Party is such sweet sorrow by Chris Broquet
When I was one, I had just begun. When I was two, I was nearly new. When I was three, I was barely me. When I was four, I was not much more. When I was five, I was just alive. But now I am six and I'm clever as clever, So I think I'll stay six now forever and ever! A.A. Milne, Now We Are Six
I used to read that poem to my son when he was a few years old. As he held the well-read book in his pudgy hands, I would hold him on my lap and imagine his sixth birthday party. The invitations with the verse printed on the front, the decorations with Christopher Robin, Kanga and Roo. The poem was such a celebration of the age of 6-it would be perfect!
Unfortunately, the year he turned 6 coincided with the premiere of "Space Jam" and the 20th anniversary re-release of "Star Wars." The words of a long dead English poet were no match for the marketing budgets of Michael Jordan and Luke Skywalker. I think we sang "I believe I can fly" instead of "Happy Birthday."
Rule No. 1 in giving children's parties: Do not get your heart set on your vision of the perfect party, for no matter how much you lower your expectations, they will never be as low as what your children want. You may be imagining rosy-cheeked cherubs giggling as they spoon in ice cream around a table laden with balloons and party favors. But they are looking forward to smashing cake into each other's hair and getting everything from aisles three through seven at Toys "R" Us.
My son starts planning for his next birthday party about a half-hour after the current one ends. He likes to take that 30 minutes or so to really appreciate the one he just had, then move on. The guest lists are magneted to the refrigerator for easy access in case certain names have to be added or axed, depending upon who the current best friends are. This happens on a daily basis. Themes are explored and discarded faster than sitcoms on CBS, with any current blockbuster logo printed on a paper plate eligible for consideration.
Once we're within three months of the actual date, the real excitement begins. Gift lists are drawn up, complete with page numbers from catalogs where certain items can be ordered and advertisement with the best sale prices circled. I vetoed putting copies of this list in the invitations, and then saw a report that said Toys "R" Us actually has a system that allows you to register kids for birthdays the same way you would for a wedding. Apparently, my son has been taking marketing classes without my knowledge-he came up with this concept months before they did.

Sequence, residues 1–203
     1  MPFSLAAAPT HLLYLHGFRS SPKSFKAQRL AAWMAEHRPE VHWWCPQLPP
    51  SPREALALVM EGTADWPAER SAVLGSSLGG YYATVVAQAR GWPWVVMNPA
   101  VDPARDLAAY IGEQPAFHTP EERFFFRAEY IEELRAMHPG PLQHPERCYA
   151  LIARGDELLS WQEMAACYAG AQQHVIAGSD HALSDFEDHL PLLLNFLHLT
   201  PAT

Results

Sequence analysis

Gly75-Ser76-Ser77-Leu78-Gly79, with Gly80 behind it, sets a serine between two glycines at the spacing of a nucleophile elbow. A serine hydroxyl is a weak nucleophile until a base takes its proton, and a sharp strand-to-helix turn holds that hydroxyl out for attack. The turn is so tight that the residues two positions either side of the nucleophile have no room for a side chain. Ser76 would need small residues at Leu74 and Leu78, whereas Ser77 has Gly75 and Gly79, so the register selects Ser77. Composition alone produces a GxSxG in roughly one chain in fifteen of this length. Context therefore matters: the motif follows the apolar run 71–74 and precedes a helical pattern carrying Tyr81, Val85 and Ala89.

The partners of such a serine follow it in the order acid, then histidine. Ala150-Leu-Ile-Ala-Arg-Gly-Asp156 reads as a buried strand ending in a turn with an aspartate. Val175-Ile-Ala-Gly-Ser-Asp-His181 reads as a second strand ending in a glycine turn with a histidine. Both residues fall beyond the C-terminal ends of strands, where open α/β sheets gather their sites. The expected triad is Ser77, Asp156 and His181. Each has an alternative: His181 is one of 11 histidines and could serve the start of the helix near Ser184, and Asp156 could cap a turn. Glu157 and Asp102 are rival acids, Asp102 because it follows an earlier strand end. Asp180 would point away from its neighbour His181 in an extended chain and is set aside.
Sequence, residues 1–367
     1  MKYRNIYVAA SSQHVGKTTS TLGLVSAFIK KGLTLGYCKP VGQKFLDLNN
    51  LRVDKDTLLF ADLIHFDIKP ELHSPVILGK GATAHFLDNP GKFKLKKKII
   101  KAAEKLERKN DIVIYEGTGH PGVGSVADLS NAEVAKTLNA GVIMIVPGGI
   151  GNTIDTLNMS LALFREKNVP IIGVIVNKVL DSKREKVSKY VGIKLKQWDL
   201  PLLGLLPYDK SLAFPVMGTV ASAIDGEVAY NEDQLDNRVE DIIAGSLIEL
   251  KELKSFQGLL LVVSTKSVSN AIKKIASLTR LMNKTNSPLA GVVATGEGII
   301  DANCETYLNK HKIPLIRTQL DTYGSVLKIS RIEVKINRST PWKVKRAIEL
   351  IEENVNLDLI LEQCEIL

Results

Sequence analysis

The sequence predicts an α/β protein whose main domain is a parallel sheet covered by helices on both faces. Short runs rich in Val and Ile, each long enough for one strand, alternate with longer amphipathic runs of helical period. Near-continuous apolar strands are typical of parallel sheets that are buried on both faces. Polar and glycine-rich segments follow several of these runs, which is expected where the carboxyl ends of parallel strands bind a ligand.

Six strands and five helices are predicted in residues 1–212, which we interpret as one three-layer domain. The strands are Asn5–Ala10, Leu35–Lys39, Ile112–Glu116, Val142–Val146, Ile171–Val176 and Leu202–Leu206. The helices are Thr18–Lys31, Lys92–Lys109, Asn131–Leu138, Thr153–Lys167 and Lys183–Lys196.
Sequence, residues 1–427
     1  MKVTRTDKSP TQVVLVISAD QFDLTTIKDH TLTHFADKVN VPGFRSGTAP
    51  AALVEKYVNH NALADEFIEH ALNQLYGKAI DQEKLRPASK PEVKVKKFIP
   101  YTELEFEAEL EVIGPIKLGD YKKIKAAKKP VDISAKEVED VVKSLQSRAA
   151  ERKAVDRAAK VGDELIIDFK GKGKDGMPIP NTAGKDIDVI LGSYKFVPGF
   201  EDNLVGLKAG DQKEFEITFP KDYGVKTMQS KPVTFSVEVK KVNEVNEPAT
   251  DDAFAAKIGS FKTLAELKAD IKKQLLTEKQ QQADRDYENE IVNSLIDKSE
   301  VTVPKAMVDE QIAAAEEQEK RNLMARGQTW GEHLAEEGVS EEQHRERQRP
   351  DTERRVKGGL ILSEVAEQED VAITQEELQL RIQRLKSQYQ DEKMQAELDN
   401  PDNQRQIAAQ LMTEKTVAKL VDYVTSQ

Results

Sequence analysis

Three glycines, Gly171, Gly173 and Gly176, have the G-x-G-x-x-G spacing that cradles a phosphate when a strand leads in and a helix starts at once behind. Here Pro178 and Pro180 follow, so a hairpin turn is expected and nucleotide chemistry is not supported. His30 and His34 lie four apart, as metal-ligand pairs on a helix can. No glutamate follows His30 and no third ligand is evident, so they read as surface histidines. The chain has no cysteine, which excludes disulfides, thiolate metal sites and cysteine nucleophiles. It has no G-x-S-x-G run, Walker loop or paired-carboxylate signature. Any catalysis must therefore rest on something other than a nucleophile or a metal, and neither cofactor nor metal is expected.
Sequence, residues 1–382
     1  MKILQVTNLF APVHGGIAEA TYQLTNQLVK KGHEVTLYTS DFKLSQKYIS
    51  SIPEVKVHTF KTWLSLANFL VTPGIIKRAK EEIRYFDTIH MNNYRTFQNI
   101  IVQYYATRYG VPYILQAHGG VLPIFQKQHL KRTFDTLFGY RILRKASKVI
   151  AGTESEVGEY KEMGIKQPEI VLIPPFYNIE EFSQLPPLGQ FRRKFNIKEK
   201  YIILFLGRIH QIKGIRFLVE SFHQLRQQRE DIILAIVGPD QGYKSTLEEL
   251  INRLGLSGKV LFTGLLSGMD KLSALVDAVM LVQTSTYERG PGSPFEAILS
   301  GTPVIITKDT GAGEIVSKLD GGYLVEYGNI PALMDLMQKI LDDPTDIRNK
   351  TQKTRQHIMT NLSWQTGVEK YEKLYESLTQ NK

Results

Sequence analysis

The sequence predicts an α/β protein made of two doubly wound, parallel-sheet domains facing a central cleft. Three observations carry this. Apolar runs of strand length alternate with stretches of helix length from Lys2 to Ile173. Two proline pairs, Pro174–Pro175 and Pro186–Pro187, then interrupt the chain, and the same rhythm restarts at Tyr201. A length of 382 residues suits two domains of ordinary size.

And finally the Big Day arrives. The crepe paper has been hung and immediately fallen, with the exception of one tiny piece that will be stuck to the ceiling for the next six months. The balloons have been blown up and then literally blown up. Little rubber pieces scatter the floor.
I am temporarily dismayed by the way the decorations have turned out because I pride myself on my theme parties. Then I remember the guest list is composed of 6- and 7-year-old boys whose main goal is to destroy everything in their path. I realize that by starting in shambles, I've made the children feel comfortable. And isn't that what entertaining is all about?
By the time the gifts have been ripped open and most of the parts lost because I had a headache and thought that playing with them would keep them quiet for a while, I realize that they have played all the games and done all the crafts and we still have an hour to go before everybody gets picked up. I guess that time management course didn't work. Of course you can never be certain that they will be picked up. One time we had two children dropped off at my daughter's fourth birthday party and the parents went out to buy a car. They picked up the kids six hours later. They said there was a lot of paperwork involved.
By the time the party is over and it's time to call it a day, I'm ready to call the paramedics. Yet I know that before we even get the ground-up cake out of the rug and the ringing out of my ears, my son will already be dreaming about the next one.
Friedrich Nietzsche says: "Those who do not remember the past are condemned to repeat it." Well, I've got three words for you, Freddie, old boy: Chuck E. Cheese.
Reader essays What could be better for summer than a little light reading about adventures in parenting-especially if the adventures and the problems have to do with other people's kids? Chicago Parent is lucky to have a wealth of talented parents who are not only readers of the magazine but are willing to take a moment and write for us as well. Each month, we receive a number of great essays and until now, we were limiting ourselves to printing but one of those essays a month. No more; we have decided to take a little more space and try to get our readers voices into the magazine more often. After all, this is your magazine. Why shouldn't it be filled with your voices? This month, we offer three great essays about: throwing the not-so-perfect birthday party; Hailley, the amazing entrepreneur, and her lemonade stand, and one man's battle with giving into the dreaded minivan.
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